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The Griswolds understood the significance of picking out the family Christmas tree, as do many Oklahomans about this time of year. Visiting one of Oklahoma’s “choose-and-cut” tree farms is a good way to jumpstart the holiday spirit.


“Choose-and-cut is a family experience,” said Craig McKinley, retired Oklahoma State University Cooperative Extension forestry specialist. “The choose-and-cut operation is selling an experience as much as they are selling a Christmas tree. It’s fun.”


However, before heading to the farm, some time will need to be spent preparing to pick out the right one. Families should measure the ceiling height where the tree will be displayed.


“Trees seem to grow when they get inside,” McKinley said. “Be aware of where you are going to put it.”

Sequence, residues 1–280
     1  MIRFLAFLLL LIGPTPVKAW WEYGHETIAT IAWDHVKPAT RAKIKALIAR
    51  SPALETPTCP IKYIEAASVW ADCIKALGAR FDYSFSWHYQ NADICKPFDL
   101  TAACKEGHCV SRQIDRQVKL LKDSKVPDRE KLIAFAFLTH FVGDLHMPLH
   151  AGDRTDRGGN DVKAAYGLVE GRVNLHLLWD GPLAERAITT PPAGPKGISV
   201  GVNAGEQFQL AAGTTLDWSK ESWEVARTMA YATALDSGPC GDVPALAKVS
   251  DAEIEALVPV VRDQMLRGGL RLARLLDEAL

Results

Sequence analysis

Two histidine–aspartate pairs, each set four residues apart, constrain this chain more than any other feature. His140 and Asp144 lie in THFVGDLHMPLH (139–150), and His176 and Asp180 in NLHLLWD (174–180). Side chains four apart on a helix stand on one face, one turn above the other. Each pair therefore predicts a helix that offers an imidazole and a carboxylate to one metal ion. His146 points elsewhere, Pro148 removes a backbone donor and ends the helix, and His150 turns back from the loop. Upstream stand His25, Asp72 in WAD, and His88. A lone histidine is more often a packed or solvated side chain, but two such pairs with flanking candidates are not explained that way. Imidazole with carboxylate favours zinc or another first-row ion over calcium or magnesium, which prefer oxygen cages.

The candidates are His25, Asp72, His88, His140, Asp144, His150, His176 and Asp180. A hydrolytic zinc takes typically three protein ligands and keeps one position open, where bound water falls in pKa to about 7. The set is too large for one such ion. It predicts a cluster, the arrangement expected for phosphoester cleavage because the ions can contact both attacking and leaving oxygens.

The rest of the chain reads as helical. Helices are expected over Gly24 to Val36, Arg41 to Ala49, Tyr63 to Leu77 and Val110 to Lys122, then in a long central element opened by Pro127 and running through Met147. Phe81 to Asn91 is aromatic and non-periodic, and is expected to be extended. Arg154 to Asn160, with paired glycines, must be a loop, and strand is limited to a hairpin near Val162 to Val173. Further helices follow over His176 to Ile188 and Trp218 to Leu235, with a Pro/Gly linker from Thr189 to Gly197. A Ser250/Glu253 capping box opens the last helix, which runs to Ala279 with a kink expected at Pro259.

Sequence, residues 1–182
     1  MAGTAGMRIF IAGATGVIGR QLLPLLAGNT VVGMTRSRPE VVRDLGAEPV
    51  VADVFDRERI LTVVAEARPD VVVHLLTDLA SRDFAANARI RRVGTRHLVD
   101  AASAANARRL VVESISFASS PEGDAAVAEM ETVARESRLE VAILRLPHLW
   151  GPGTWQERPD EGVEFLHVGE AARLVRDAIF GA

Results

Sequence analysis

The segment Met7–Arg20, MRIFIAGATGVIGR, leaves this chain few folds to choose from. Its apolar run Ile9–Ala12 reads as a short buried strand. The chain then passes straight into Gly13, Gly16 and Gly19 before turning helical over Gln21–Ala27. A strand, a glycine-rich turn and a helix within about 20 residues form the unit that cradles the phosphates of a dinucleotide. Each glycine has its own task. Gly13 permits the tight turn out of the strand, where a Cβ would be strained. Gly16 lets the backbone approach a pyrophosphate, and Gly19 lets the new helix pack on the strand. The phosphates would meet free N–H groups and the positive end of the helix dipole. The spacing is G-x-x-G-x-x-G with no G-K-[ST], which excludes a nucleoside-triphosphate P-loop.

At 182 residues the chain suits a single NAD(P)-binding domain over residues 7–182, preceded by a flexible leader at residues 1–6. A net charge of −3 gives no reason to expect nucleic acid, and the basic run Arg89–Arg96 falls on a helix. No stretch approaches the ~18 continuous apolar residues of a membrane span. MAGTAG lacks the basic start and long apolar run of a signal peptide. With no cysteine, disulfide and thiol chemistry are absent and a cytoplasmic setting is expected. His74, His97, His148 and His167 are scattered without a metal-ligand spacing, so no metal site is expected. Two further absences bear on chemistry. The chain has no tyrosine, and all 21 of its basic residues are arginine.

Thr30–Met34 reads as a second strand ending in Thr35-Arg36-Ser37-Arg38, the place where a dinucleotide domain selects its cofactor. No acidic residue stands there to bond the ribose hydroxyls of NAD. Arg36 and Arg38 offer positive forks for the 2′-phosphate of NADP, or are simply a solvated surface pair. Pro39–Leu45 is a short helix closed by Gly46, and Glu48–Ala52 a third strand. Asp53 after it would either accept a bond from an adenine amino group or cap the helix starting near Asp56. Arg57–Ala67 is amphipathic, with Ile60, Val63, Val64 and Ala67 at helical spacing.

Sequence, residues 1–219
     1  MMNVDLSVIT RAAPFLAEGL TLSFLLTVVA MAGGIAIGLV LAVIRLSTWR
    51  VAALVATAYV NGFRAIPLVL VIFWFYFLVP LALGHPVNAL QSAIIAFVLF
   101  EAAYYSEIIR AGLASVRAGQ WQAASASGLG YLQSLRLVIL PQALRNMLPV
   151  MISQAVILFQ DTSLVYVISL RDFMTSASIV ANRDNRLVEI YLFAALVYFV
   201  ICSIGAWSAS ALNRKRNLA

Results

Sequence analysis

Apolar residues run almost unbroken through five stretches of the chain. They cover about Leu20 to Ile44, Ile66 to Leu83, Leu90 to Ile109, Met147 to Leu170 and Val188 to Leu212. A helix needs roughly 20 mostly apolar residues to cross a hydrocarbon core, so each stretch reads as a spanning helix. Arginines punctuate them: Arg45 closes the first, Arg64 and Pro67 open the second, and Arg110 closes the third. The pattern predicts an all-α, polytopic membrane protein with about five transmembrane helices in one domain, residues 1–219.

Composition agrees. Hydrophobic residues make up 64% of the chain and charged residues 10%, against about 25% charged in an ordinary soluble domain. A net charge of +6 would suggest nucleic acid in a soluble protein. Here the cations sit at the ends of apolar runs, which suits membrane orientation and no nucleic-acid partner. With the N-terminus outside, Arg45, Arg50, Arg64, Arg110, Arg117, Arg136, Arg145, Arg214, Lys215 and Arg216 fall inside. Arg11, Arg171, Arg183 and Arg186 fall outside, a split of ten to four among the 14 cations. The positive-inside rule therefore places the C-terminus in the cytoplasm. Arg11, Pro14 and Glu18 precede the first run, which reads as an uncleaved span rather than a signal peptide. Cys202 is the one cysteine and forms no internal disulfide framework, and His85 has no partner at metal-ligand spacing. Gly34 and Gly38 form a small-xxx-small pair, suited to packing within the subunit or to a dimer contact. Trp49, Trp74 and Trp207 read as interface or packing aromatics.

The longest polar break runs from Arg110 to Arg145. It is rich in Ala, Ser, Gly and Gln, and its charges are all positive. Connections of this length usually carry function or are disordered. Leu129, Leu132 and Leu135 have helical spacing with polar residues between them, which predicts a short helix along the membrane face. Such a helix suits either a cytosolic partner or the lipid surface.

Don’t forget to consider the width of the tree, and whether all sides will be displayed. Some trees at the farm may be a little flat or thin on one side, which is OK if that side will be back in the corner of a room once the tree is on display.


Also, have an idea of how you want to decorate your tree, as different species in Oklahoma will allow for different decorations.


“People choose a Christmas tree species depending on tradition and individual taste,” said David Hillock, OSU Cooperative Extension consumer horticulture specialist. “Each species has a distinctive appearance and fragrance, and some people prefer a tree densely sheared to a conical shape, while others prefer a loose, more natural form.”


No matter how big or small, how short or tall, or what color of tree your family chooses to bring home, it will be just right.


“There is no perfect tree. We all have what we like and what we don’t like,” McKinley said. “It all varies by individual. If you like it, it’s perfect.”

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